The government has left hundreds of thousands of nursing home residents high and dry over the life-saving Covid-19 vaccines.
Politicians and heads of care last night accused ministers of failing to deliver on their promises after 80 percent of the 15,000 residences in England emerged are not being considered for Pfizer / BioNTech vaccines.
Nearly 30,000 residents in England died directly or indirectly from coronavirus in the first wave, according to the latest research.
But Sunday people can reveal that …
ONLY about 0.3 percent of the total population that has been hit so far are nursing home residents.
ONLY SEVEN areas of nursing homes have received the first dose of the jab.
THE MUTANT strain of the virus could wreak havoc in nursing homes if, as scientists fear, it spreads faster.
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The revelations come as the number of cases increased by 34,693, 7,000 more than last week, although deaths fell to 210. Another six million people have also entered stricter lockdown.
Liberal Democrats health spokesperson Munira Wilson said: “Far from avoiding a full-scale replay of the previous tragedy in our nursing homes, ministers are failing to make homes a safe haven for the most vulnerable.
“People have already had enough excuses. Without buts or buts, the government must prioritize the delivery of a vaccine to all households immediately ”.
And Labor’s shadow health secretary Jonathan Ashworth said: “With a new variant of the coronavirus spreading rapidly, we are now in a race against time to implement vaccination.
“Ministers have repeatedly been too slow to protect nursing home residents. They cannot make the same mistakes again. We urgently need vaccination to be distributed to the most vulnerable.
Health Secretary Matt Hancock has promised to prioritize the larger nursing homes that had between 50 and 70 beds because there were problems dividing Pfizer / BioNTech vaccines into smaller batches.
They currently come in 975 doses that after testing can be divided into 75 dose packets to take to nursing homes.
Around 2,900 households in England that have between 50 and 70 beds are believed to be in line to take the hits.
They represent a fifth of the 15,000 households in England, home to around 400,000 residents in total.
The Department of Health and Social Care revealed that residents of nursing homes in seven areas of England have so far received the coronavirus vaccine.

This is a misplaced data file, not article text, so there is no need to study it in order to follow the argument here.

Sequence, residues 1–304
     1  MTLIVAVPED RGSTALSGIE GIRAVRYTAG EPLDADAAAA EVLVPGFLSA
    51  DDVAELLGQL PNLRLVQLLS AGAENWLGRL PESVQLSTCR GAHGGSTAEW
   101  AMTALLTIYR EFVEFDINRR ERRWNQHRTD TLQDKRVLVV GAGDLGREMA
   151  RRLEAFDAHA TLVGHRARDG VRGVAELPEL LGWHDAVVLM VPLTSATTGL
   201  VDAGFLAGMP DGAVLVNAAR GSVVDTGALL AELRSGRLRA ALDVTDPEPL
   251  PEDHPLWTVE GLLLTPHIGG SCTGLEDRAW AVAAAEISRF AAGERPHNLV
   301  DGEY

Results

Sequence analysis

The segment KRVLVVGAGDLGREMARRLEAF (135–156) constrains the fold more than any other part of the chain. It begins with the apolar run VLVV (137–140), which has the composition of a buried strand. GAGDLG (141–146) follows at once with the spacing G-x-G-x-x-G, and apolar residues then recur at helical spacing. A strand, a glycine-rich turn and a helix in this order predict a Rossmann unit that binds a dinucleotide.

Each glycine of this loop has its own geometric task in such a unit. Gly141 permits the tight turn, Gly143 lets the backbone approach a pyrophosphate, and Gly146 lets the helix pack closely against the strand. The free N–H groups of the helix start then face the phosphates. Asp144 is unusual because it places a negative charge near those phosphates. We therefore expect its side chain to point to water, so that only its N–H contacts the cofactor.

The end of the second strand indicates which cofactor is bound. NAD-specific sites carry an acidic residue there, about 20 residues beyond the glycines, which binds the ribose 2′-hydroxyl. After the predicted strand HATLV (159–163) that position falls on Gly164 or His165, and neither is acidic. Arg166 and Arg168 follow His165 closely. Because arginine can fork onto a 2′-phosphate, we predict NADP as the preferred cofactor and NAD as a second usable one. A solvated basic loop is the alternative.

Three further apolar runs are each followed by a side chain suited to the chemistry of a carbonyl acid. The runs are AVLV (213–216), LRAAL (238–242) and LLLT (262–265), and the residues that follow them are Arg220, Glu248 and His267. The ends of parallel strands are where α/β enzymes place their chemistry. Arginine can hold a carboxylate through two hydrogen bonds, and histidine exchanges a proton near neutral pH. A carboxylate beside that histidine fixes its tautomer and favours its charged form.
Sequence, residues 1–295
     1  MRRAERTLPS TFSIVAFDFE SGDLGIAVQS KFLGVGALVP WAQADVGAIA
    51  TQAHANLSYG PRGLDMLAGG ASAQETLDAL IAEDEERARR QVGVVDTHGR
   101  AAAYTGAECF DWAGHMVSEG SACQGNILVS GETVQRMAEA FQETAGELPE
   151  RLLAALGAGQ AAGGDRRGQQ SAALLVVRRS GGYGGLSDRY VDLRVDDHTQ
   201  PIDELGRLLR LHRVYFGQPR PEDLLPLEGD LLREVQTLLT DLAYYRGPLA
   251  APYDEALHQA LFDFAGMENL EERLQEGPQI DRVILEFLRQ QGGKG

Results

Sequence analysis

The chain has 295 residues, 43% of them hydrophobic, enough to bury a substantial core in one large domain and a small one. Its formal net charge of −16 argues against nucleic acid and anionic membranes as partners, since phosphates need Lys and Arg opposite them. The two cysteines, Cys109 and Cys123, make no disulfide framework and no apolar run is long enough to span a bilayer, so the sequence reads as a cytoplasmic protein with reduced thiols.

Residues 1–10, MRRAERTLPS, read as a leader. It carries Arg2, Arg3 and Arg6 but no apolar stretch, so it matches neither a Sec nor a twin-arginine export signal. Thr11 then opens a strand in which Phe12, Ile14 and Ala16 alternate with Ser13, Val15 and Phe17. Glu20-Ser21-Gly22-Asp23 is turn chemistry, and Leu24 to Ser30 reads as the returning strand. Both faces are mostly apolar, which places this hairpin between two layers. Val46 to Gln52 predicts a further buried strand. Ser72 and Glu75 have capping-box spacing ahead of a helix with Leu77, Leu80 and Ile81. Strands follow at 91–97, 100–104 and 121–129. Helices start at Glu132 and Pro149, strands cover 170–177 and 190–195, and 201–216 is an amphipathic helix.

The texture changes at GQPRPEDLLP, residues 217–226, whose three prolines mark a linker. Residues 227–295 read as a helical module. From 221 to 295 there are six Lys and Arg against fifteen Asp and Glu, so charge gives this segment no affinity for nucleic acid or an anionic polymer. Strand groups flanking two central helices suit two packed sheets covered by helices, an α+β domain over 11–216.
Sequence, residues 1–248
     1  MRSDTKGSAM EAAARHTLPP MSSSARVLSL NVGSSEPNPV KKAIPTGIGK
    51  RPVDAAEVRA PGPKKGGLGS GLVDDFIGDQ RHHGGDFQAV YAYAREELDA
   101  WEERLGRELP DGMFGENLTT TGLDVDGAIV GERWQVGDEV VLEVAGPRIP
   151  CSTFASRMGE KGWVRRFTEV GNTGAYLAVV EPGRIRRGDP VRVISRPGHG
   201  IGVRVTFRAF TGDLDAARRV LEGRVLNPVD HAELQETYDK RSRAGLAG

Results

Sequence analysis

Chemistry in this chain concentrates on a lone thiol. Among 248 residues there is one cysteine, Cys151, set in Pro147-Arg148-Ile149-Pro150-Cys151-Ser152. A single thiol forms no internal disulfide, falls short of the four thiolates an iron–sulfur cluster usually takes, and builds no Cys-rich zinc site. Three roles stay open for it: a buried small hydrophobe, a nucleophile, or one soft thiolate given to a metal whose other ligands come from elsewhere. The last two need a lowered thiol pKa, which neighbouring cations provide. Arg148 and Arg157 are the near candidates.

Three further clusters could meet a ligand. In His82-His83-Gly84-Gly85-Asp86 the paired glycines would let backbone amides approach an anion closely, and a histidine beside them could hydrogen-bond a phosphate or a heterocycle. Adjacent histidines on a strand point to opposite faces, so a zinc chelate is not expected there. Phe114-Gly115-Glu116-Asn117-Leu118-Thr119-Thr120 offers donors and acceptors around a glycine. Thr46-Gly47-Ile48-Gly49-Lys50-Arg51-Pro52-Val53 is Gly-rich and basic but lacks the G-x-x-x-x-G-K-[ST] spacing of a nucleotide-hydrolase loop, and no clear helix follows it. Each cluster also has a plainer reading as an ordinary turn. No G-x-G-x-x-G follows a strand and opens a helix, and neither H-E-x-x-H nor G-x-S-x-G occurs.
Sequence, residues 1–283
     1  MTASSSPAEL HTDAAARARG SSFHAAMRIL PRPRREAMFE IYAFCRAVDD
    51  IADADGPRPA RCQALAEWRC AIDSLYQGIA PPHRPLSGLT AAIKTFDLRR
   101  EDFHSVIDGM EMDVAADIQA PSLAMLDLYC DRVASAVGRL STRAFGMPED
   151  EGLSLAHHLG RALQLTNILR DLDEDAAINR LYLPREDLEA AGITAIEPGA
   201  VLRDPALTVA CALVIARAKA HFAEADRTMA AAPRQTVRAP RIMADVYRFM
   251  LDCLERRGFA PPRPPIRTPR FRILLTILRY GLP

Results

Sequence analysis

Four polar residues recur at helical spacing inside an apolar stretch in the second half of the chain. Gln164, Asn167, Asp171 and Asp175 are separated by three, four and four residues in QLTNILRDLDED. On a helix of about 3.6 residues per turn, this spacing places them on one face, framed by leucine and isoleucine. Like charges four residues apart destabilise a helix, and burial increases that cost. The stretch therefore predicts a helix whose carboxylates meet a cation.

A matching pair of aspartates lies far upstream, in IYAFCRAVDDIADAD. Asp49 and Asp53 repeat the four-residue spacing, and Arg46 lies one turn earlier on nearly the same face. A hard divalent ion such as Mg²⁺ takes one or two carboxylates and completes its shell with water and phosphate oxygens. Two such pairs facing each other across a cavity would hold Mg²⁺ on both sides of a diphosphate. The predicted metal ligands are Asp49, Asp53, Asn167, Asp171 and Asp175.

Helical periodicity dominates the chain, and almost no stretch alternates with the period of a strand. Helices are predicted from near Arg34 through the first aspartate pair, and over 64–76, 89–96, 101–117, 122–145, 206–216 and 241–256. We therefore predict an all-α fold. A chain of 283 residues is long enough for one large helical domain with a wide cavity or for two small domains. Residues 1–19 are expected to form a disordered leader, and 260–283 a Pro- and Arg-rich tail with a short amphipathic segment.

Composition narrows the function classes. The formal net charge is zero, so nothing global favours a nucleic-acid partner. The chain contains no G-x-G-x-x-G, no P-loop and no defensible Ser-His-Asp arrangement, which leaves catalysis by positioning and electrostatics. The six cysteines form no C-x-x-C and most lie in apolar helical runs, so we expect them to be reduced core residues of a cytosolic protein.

It suggests they make up about 0.3 percent of the 613,000 people who have been vaccinated.
Officials insisted this was only a preliminary figure and that hundreds more took the hit in recent weeks. However, they have refused to provide an updated breakdown of the number of vaccines distributed to residents and staff at the residence.
Last night, care managers criticized Matt Hancock for “overpromising” to ensure that residents of the residences had priority for the vaccine, which should be stored at minus 70 ° C.
Nadra Ahmed, president of the National Association for Care, said: “Due to the composition of the vaccine and its transportation challenges, we can see why implementation is going to be difficult.
“But it’s another case of the massive overpromise of something that just can’t be delivered. It’s constant.
“All this rhetoric of ‘we are going to take it to the nursing homes, we are going to take this vaccine to the forefront’, certainly in social care is an exaggerated promise.
“We understand why this is so, but they need to be more direct about barriers rather than keep telling the world that this is what they are doing.”
Earlier this month, Matt Hancock promised at the Commons that we will “vaccinate nursing homes for Christmas.”
The Joint Committee on Vaccination and Immunization put nursing home residents at the top of its priority list.
But regulatory concerns over the division of vaccine cases have been attributed to the delays.
On Christmas Eve, the government said 616,933 people in the UK received the first dose of the Pfizer / BioNTech vaccine between December 8-20.
Grandmother Margaret Keenan, 90, was the first person to have it, but the hit took place at Coventry University Hospital, not a residence hall.
The Medicines and Healthcare Products Regulatory Agency is also considering approval of the Oxford AstraZeneca vaccine, with a decision starting next week.
A spokesperson for the Department of Health and Social Care said: “Vaccines have been administered to residents of nursing homes, those aged 80 and over, and medical and social care personnel, through more than 500 vaccination sites.
“The launch of the vaccine in nursing homes in England began on Wednesday 16 December, with hundreds of residents vaccinated in the nursing homes of Slough, Aintree, Herne Bay, Thanet, Chalfont St Peter, Droitwich and Cheltenham, as well as Chelsea pensioners.
“We are working hard to vaccinate all residents and workers in the nursing home as quickly and safely as possible.”
A doctor with a history of allergies said his heart rate increased, blood pressure dropped, his tongue became numb, and he broke out in a cold sweat after receiving the US-approved Modern vaccine in Boston, the first known reaction of its kind with this vaccine. .